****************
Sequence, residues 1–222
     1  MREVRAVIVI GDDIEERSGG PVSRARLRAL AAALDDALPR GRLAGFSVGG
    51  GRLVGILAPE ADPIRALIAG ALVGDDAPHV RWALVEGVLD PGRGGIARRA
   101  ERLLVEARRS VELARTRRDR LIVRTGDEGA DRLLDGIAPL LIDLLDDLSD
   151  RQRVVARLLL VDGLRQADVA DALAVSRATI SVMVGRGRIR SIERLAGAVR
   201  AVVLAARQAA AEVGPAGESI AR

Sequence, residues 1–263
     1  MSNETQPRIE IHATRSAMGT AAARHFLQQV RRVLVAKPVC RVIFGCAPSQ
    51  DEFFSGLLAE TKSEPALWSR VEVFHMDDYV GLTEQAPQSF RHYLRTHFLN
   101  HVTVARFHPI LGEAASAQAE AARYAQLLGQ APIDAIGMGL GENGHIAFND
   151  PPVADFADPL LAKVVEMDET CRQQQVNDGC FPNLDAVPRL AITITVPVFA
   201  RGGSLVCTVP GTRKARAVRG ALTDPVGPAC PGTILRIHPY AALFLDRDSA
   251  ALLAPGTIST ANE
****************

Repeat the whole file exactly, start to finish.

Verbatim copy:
Sequence, residues 1–222
     1  MREVRAVIVI GDDIEERSGG PVSRARLRAL AAALDDALPR GRLAGFSVGG
    51  GRLVGILAPE ADPIRALIAG ALVGDDAPHV RWALVEGVLD PGRGGIARRA
   101  ERLLVEARRS VELARTRRDR LIVRTGDEGA DRLLDGIAPL LIDLLDDLSD
   151  RQRVVARLLL VDGLRQADVA DALAVSRATI SVMVGRGRIR SIERLAGAVR
   201  AVVLAARQAA AEVGPAGESI AR

Sequence, residues 1–263
     1  MSNETQPRIE IHATRSAMGT AAARHFLQQV RRVLVAKPVC RVIFGCAPSQ
    51  DEFFSGLLAE TKSEPALWSR VEVFHMDDYV GLTEQAPQSF RHYLRTHFLN
   101  HVTVARFHPI LGEAASAQAE AARYAQLLGQ APIDAIGMGL GENGHIAFND
   151  PPVADFADPL LAKVVEMDET CRQQQVNDGC FPNLDAVPRL AITITVPVFA
   201  RGGSLVCTVP GTRKARAVRG ALTDPVGPAC PGTILRIHPY AALFLDRDSA
   251  ALLAPGTIST ANE